- Ms. Chism described her experience being forced out of her home by one of the corporate landlords currently under investigation by the Select Subcommittee: “The fear of homelessness became a reality for me. I was very concerned that my son and I would have nowhere to go but to a shelter. I was concerned about our health because of the pandemic, and I was concerned about his school and how he would be affected.” She added, “I had never faced this type of stress before and I had no idea what I was going to be able to do with little income and no home.”
Congress and the Biden Administration Have Taken Unprecedented Action to Provide Rental Assistance Funds, and States are Increasing Distribution of Funds
- Mr. Solis reaffirmed the critical nature of funding provided through the American Rescue Plan and other legislation, stating: “This funding is critical because it allows so many vulnerable Americans to remain in their homes.”
- Ms. Yentel said that guidance issued by the Trump Administration on its last day in office, January 19, 2021, “created new and unnecessary barriers that increased application times, discouraged eligible households from seeking assistance, and prevented states and localities from spending resources in a timely manner.” She explained that revised guidance issued by the Biden-Harris Administration in February 2021 “directly addressed the significant flaws in the previous Administration’s guidance.”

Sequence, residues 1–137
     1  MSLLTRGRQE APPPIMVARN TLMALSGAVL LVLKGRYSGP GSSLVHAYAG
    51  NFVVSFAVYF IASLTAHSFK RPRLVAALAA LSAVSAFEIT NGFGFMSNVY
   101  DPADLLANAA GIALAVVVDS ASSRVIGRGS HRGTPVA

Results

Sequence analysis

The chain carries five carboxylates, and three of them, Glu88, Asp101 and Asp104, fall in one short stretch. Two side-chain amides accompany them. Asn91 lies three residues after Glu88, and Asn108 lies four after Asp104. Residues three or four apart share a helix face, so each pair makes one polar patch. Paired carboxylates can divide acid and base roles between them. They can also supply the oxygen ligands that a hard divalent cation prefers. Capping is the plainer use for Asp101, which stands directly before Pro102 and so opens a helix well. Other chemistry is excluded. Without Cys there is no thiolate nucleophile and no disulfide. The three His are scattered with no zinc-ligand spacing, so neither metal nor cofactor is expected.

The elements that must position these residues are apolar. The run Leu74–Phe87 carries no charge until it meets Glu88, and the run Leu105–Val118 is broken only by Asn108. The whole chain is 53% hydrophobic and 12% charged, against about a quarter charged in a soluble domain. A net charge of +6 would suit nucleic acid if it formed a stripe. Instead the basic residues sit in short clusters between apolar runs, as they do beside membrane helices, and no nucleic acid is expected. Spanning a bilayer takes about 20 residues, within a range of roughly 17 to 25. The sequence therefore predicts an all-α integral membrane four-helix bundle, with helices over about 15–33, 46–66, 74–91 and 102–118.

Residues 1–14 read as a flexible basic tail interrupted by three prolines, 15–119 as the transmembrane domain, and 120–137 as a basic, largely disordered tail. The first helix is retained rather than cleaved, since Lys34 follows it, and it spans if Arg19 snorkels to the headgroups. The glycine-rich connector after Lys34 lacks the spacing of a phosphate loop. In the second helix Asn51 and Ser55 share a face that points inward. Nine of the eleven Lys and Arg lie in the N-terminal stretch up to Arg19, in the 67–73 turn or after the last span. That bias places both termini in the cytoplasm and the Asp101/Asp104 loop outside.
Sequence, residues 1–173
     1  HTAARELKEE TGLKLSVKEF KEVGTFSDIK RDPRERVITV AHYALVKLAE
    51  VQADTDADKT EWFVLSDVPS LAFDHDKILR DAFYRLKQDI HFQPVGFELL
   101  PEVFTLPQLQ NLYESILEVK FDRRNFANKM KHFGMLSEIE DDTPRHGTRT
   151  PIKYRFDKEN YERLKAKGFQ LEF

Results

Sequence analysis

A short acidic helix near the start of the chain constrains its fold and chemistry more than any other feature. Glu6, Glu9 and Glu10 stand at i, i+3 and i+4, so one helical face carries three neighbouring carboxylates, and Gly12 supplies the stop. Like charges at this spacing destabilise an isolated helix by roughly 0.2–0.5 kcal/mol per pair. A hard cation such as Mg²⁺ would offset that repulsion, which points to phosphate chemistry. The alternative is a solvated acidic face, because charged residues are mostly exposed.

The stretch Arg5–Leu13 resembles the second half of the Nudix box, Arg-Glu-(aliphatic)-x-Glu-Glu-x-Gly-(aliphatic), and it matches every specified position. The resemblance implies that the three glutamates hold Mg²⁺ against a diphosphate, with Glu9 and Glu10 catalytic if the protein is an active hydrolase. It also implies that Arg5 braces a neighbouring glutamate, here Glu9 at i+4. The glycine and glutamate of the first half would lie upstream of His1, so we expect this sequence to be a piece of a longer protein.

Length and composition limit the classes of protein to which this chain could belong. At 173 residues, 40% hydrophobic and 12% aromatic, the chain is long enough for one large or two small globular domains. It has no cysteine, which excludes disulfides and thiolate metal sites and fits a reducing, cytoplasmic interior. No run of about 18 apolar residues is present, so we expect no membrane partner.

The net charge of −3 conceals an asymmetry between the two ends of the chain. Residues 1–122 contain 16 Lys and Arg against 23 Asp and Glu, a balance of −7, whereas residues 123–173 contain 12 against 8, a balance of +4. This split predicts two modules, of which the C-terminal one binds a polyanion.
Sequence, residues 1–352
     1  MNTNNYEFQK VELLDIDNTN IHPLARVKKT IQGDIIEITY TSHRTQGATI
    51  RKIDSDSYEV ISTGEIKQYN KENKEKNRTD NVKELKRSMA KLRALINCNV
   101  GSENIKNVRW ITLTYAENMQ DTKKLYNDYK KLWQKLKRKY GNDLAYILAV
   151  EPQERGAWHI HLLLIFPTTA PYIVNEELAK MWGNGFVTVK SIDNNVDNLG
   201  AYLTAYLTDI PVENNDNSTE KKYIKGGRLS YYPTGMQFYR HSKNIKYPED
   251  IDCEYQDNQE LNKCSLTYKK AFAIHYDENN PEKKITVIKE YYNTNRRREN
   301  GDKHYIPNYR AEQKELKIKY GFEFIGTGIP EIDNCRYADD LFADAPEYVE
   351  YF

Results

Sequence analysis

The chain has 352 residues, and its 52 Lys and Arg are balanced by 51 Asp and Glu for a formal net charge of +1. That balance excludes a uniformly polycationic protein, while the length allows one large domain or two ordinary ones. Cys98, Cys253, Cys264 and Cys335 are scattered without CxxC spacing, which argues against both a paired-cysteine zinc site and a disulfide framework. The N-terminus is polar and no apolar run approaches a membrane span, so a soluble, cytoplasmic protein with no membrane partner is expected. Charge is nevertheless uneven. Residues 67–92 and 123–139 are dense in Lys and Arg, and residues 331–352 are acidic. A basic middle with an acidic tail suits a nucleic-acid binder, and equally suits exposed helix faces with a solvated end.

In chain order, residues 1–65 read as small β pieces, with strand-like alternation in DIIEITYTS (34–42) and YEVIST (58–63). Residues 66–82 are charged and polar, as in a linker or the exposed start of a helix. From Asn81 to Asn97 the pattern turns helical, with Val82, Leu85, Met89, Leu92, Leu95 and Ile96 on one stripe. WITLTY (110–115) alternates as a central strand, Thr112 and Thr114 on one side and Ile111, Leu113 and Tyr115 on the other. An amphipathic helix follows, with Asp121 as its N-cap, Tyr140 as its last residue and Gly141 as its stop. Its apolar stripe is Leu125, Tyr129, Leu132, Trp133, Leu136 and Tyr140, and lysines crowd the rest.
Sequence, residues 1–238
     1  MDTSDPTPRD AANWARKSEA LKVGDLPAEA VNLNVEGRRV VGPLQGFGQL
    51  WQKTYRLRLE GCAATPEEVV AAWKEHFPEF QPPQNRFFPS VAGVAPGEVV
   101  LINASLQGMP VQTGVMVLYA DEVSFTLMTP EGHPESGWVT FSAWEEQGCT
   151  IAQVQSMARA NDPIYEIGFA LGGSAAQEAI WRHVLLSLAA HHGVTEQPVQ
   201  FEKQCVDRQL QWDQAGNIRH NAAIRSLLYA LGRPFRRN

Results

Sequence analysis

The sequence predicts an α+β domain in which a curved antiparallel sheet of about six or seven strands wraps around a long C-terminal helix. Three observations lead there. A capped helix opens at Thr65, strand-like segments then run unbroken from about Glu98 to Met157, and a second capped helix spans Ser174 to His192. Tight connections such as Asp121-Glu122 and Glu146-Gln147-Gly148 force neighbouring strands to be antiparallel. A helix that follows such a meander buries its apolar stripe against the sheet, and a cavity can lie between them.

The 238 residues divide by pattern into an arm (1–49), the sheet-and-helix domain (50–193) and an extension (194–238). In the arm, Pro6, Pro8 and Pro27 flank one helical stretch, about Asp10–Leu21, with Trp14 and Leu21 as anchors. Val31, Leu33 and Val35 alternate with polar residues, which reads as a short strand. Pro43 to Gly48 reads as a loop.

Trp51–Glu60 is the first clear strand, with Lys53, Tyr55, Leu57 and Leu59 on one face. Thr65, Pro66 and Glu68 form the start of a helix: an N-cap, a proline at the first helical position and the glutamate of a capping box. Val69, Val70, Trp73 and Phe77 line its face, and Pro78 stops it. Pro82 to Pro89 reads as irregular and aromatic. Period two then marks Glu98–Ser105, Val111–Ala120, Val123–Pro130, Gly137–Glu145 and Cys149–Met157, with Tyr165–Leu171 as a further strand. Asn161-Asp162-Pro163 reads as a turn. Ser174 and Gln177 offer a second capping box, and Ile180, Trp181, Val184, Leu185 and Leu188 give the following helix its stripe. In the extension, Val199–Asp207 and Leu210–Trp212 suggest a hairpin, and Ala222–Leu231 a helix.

Rental Assistance Helps Both Renters and Landlords
- In response to a question from Rep. Raja Krishnamoorthi regarding whether landlords are still paid during eviction moratoria, Ms. Yentel said: “Rent is still due when people are under the eviction moratorium. In fact, the declaratory statement that tenants need to sign in order to get the benefit of the federal eviction moratorium makes clear that they need to still do all that they can to pay the rent and many renters have.”
- Mr. Solis explained that an effective program he has participated in recognizes “that both the landlord and the tenant play a valuable role in the distribution of rental assistance funds. The program has to work for both parties while keeping people in their homes.”
The CDC Eviction Moratorium Extensions Have Protected Many Renters and Slowed the Spread of the Coronavirus
- Ms. Yentel testified that the moratorium was crucial to keeping American families in their homes: “The CDC eviction moratorium, generally speaking, has kept tens of millions of renters who otherwise would have lost their homes stably housed and there was research from the eviction lab that showed that there were at least 1.5 million fewer evictions under the federal eviction moratorium than otherwise would have occurred.”
- In response to a question from Rep. Bill Foster, Ms. Yentel made clear that the CDC moratorium saved lives: “[I]ncreased evictions lead to increased spread of and deaths from COVID-19.” She explained that “when very low or extremely low-income people lose their homes, they have very few options available to them so they most often double or triple up into overcrowded housing or they end up in encampments or congregate shelters,” and that this makes them “especially vulnerable to severe illness or deaths if they contract COVID-19.”